Orienteering in the Land of the New Pirates
The New Pirates are men who, as infants,
told their moms Keep your milk and went and suckled gas pumps.
In towns of peril and experience, were the twelve-year olds
shrugging It’s an island all around and no water.
Coming home to dark houses to moms saying, Baby
they turned our lights off.
ConEd turned their lights off. And ConEd turned
their stove off, turned their heat off. And Citgo
sucked the gas from their car. Citgo sucked back the gas from the car as they drove.
It wasn’t that they weren’t tender, didn’t want to cry—
just, they saved up each yelp and lachrymal drop
till they could stick a finger in a socket and light up the house.
I am not the fountain of all pity.
We were all afraid to go near that neighborhood.
I thought, with gold caps on their teeth, they will smile and kill.
Yes, I thought, but they are sort of— beautiful.
Destiny for them is right now and right now and right now and the air with spit hovering in it.
Hiding in the town shadows, the air gagged
with electrical currents, the cars, the people on the street lagging—
even the moon lagging behind the tides—
they would come, the New Pirates, dark in the dark.
And the light they make and the light they take is gold.
That’s the romantic in me, yes, but if you could see the latest maps.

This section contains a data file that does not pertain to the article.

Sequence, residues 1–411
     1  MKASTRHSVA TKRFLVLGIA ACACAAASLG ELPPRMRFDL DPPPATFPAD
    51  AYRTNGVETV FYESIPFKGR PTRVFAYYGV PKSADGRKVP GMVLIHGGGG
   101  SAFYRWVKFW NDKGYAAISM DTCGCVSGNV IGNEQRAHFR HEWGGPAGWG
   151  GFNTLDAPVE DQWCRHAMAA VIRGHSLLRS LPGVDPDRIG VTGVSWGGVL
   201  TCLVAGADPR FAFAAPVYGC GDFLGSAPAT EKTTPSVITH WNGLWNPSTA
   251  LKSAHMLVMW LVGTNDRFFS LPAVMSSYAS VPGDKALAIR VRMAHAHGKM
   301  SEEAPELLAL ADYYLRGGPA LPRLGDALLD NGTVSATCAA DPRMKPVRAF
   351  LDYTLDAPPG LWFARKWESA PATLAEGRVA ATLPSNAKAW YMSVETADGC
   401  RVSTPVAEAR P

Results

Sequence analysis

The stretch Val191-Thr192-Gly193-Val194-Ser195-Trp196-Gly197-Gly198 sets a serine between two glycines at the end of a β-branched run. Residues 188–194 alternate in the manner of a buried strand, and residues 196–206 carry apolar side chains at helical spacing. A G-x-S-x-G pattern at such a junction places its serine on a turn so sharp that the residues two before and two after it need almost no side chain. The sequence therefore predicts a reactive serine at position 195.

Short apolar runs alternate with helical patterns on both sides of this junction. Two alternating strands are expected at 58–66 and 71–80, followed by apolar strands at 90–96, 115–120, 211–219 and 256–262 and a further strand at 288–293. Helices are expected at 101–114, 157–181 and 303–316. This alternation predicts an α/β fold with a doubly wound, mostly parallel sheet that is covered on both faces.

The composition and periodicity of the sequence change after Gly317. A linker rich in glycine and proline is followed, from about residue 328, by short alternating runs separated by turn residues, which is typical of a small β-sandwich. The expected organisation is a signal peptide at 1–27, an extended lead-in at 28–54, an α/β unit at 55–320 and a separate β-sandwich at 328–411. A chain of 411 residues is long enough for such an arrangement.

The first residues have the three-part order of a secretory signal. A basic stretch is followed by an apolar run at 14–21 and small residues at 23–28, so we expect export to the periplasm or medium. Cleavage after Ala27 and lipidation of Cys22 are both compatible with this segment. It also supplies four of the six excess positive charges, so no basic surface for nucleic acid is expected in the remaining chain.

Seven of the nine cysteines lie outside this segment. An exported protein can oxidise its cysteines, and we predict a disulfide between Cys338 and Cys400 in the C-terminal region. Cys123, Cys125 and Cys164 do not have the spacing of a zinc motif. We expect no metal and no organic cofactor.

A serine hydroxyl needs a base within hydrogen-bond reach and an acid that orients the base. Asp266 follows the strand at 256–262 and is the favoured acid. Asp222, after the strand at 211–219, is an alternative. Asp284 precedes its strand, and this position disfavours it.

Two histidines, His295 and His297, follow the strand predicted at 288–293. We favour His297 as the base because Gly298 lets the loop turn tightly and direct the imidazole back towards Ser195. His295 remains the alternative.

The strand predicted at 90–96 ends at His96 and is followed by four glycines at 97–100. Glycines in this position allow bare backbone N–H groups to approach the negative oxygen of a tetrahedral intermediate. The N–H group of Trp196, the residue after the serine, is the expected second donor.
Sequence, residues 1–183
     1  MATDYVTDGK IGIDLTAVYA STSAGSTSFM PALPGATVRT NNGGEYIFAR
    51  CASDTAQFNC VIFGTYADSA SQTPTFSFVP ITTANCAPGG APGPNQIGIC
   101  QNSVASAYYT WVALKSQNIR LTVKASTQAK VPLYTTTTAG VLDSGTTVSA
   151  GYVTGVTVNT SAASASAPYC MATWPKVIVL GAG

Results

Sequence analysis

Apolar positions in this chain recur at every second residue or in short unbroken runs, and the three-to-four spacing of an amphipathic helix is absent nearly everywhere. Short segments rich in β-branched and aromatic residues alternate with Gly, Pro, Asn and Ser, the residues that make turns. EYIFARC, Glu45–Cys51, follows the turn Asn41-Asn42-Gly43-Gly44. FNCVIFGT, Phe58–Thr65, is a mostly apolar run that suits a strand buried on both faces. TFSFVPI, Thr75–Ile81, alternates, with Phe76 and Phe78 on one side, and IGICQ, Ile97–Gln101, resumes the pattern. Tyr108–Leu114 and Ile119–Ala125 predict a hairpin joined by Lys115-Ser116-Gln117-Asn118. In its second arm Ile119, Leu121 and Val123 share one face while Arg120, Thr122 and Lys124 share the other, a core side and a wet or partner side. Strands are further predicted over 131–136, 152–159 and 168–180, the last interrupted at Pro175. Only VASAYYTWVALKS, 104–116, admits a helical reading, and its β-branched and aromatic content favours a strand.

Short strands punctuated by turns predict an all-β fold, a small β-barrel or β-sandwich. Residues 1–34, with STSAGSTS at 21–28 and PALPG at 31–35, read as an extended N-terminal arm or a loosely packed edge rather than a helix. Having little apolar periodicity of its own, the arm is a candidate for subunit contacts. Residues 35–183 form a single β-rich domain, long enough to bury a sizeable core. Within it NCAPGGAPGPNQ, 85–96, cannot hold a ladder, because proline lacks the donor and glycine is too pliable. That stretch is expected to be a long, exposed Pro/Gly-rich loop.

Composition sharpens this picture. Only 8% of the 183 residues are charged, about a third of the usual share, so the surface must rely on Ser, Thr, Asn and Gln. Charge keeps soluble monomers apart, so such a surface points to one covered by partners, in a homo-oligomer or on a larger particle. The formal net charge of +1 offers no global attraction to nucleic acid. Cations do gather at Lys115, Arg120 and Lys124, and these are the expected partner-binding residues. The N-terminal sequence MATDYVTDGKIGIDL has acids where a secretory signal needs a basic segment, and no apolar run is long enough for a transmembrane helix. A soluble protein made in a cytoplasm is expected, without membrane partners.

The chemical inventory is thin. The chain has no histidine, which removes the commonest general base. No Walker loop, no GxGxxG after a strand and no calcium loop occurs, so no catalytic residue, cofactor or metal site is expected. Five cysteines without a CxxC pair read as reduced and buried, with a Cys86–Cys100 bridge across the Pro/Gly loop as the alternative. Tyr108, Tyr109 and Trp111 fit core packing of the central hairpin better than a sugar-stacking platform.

The world is all dark
except for the pulses of natural gas etched in purple
the white of fireflies and the golden coils that trace the movements of the New Pirates.
Plus the thin red light off one police car chasing them down.
If you flipped the switch on that map
you would have seen the little boys, New Pirates-at-the-ready,
standing in line like for a carnival ride
because isn’t adventure always better than stagnant water?
—I say this standing waist deep in a swamp.
Sure the sludge this time of year is golden.
It is a swamp of ancient leaves, logs from ancient forests.
It is a few calendars until a seam of coal.
The golden sludge I think is a collection of sunlight.
It only wants to be stirred.
A crew of men from the inner city are robbing ships of the rich on the high rivers,
the highrises, the Hoover Dam.
Their treasure is energy, their loyalty to— living?
It sounds stupid.
We were afraid to even go near that neighborhood.
Still, if I had a son, I might want him
to make a New Pirate of himself. He’d be exhausted, always too thin, but that’s an honest
heartbreak. I wouldn’t want my boy to think the world is kind.
Wouldn’t want him to think his games have no dark side.
Me the supermarket braggart—
My boy was the first to mechanize his fist. My boy rides a windmill when he needs impetus.
blah blah blah, he surfs on oil slicks.
My boy says energy is the only life.
I imagine this waistdeep in a swamp.
Or am I the swamp, wanting only to be stirred?
And who is the man on the map, in the dark, eating out the heart of the swamp?